Plans for a U.S. discount airline by Virgin Atlantic Chairman
Richard Branson could add yet more competition in an already heated
market and could push airfares in some key markets even lower.
Branson, who has openly praised the success of New York-based
JetBlue, announ- ced earlier this month that he plans to launch a
“quality, low-cost” carrier in the U.S. by early next year.
Branson said he made the move because he got tired of waiting
for the U.S. to lift restrictions on foreign ownership of domestic
airlines, and he said he is seeking an institutional investor in
the U.S. to take a majority stake.
“We’ve been waiting for nearly 20 years for the laws to be
changed in America,” said Branson.
While Branson did not specify what routes the new airline would
fly, he noted there were plenty of untapped routes in cities not
served by JetBlue.
JetBlue currently flies from John F. Kennedy International
Airport in New York to several major western markets including Salt
Lake City, Seattle, Las Vegas, San Diego, Oakland as well as
Ontario and Long Beach, Calif.
Still, there has been growing industry interest in low-fare
carriers. American has begun to market itself as a low-fare airline
in several transcontinental markets where it competes against
JetBlue and the United Shuttle is expected to return to the West
If Virgin decided to launch service in the western U.S., the
carrier would likely take passengers from one of the existing
low-cost airlines operating in the market, according to Marc Casto,
chief financial officer at Casto Travel, in Santa Clara, Calif.
“It’s going to be a pretty crowded playing field for another
discount carrier,” said Casto. “For the most part we find that
price is the motivator for all decisions.”
Casto said airlines like Southwest have maintained market share
by offering customers incentives to book online, a move that might
be echoed by Virgin.
However, he conceded that such incentives are not always helpful
Branson has repeatedly urged the U.S. to change foreign
ownership laws on aviation. Currently the laws allow foreign
carriers to own no more than 25 percent of the voting stock of U.S.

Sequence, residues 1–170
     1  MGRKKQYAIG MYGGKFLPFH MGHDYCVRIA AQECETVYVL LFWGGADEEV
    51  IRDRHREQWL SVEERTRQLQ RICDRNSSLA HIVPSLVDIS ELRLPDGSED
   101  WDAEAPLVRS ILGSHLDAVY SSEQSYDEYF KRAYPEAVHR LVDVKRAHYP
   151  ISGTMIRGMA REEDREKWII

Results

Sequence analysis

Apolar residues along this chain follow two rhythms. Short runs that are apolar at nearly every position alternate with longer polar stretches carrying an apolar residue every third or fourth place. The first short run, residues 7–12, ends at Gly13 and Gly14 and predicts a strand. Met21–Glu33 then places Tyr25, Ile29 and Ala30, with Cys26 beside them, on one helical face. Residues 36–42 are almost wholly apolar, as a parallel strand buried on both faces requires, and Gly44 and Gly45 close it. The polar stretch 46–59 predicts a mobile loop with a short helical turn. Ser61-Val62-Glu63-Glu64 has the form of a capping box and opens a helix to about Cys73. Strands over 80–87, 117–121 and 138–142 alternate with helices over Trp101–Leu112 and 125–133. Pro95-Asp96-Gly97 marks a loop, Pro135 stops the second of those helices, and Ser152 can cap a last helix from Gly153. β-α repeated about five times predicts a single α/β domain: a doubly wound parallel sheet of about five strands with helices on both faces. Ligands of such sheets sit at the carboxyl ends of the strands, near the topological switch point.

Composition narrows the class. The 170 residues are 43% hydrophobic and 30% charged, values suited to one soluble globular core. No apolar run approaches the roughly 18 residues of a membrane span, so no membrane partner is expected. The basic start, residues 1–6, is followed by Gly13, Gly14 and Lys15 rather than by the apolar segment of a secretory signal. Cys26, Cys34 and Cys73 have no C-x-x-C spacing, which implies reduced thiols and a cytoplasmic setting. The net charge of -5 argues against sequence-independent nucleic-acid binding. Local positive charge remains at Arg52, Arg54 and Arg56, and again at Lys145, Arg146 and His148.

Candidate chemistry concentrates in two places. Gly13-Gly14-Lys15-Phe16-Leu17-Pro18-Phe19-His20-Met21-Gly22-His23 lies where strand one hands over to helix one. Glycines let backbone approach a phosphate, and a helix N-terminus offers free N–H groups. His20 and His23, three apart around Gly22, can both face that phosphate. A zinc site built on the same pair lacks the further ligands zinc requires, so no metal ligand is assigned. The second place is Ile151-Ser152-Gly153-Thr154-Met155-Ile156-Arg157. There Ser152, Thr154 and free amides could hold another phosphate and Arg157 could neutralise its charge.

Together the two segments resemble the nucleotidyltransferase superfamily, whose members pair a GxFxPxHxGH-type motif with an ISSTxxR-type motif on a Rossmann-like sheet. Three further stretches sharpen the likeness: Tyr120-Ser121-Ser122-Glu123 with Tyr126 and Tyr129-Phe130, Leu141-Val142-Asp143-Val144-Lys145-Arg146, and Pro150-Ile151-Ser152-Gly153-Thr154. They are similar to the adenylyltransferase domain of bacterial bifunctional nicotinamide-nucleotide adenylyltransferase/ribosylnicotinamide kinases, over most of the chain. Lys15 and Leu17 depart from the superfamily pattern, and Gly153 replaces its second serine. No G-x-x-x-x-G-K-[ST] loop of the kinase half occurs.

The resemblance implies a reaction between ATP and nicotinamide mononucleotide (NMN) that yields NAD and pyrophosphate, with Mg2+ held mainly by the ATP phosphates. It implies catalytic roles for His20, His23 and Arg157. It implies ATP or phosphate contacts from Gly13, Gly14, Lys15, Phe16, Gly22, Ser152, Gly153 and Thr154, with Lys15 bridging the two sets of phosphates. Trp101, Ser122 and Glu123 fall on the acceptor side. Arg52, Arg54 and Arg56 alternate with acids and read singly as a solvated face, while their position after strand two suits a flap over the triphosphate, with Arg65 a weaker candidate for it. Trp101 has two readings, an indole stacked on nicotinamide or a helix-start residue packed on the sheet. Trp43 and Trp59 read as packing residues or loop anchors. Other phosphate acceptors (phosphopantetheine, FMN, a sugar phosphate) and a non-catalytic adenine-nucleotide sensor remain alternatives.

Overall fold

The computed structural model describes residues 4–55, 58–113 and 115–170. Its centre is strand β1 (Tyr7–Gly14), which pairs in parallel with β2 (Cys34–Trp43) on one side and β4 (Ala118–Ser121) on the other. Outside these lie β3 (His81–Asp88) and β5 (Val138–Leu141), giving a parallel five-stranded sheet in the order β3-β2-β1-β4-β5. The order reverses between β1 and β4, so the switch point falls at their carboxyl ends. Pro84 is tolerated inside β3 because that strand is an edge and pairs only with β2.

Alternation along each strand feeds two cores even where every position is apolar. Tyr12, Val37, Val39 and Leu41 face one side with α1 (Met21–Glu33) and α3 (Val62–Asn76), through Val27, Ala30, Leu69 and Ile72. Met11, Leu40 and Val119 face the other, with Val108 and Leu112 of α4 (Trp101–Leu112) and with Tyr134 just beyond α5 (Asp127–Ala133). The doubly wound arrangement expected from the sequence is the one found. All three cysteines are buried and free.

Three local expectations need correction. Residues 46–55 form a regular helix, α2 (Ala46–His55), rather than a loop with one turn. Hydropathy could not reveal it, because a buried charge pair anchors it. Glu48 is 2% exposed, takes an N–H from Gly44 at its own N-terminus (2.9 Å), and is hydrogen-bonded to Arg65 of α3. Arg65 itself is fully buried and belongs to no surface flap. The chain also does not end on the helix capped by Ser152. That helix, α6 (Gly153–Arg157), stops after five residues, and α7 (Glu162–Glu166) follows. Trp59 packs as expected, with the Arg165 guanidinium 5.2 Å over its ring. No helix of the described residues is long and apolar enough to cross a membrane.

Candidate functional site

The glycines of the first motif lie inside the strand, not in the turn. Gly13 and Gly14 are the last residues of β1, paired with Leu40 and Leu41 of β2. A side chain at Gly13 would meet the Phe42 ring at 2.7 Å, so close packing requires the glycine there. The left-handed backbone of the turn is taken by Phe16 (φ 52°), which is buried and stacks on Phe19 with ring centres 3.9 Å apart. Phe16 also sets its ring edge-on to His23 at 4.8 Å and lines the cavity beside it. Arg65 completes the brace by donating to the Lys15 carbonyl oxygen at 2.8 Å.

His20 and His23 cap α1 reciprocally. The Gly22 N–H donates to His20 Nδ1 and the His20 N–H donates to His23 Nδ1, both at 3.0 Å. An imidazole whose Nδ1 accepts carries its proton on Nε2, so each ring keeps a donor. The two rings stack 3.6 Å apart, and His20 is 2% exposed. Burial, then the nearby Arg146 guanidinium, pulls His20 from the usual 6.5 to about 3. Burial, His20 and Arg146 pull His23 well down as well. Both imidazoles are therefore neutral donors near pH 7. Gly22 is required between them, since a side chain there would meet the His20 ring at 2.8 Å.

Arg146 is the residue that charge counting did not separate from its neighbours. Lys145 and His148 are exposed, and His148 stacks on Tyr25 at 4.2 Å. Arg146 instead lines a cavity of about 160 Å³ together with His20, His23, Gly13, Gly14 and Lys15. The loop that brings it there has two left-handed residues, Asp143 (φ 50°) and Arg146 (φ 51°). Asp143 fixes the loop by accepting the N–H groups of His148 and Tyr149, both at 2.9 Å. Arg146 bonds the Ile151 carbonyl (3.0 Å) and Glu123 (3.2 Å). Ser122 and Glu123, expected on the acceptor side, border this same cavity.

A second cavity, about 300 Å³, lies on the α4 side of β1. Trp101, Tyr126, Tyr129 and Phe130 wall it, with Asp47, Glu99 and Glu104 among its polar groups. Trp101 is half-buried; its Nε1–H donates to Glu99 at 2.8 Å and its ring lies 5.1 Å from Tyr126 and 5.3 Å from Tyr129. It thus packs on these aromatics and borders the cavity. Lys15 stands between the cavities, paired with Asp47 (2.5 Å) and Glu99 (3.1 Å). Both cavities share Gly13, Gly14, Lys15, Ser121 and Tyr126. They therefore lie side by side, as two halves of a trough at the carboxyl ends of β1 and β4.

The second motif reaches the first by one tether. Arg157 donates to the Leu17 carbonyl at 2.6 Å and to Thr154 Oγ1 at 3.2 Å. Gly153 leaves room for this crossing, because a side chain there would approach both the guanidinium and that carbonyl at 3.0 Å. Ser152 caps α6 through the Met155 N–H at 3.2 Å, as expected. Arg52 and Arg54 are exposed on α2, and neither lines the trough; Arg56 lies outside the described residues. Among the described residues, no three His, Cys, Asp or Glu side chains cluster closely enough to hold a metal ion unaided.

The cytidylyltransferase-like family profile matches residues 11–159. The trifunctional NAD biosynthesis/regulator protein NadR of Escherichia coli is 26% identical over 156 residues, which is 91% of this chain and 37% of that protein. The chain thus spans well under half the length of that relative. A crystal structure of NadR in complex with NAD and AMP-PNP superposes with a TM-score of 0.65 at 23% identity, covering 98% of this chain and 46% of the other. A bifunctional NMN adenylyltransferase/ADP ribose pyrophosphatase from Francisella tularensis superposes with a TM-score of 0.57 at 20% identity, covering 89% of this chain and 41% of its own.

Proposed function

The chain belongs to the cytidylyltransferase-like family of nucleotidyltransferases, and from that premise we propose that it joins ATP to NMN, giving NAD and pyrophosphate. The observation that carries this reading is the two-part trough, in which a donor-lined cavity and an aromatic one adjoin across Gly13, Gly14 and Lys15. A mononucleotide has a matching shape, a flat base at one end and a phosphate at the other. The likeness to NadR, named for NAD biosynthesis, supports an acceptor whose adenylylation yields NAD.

airlines. They also ban foreign carriers from flying domestic
routes in the U.S.
Department of Transport- ation officials say one reason for the
restrictions is that domestic airlines are often used to transport
soldiers to battlefields during wartime. Many U.S. carriers were
used to transport American troops to the Middle East in the weeks
leading up to the Iraq war.
The U.S. and U.K have been entangled in negotiations in recent
years to create an “Open Skies” pact that would open aviation
markets for foreign carriers, however those talks have been bogged
down over who controls several lucrative slots at London’s Heathrow
Airport, which is the most popular transfer point in the world.
Recently the European Commission has taken over talks for an
“Open Skies” agreement with the U.S., which if passed would allow
European carriers the right to access more U.S. markets.
Branson has long wanted to launch a domestic airline in the U.S.
that is similar to his Australian carrier, Virgin Blue.
The Australian carrier operates a series of all-coach flights on
Boeing 737 aircraft that are configured for either 144 passengers
or up to 180 passengers, depending on the aircraft type.
Branson said his low-cost U.S. carrier would start as a modest
operation with about 10 to 15 aircraft. He said he is in talks with
Boeing and Airbus on new orders.
A Boeing official would not comment on the Virgin Atlantic
announcement, but said low-cost carriers have been “particularly
active” in driving new business especially AirTran and Ryanair.
Asked why fewer travelers are flying, Branson said he believes
it’s a lack of quality service by the airlines.
“Passengers want to have a pleasant experience when they’re
flying,” he said. “When you fly on American or United, you wonder
what they’ve missed.”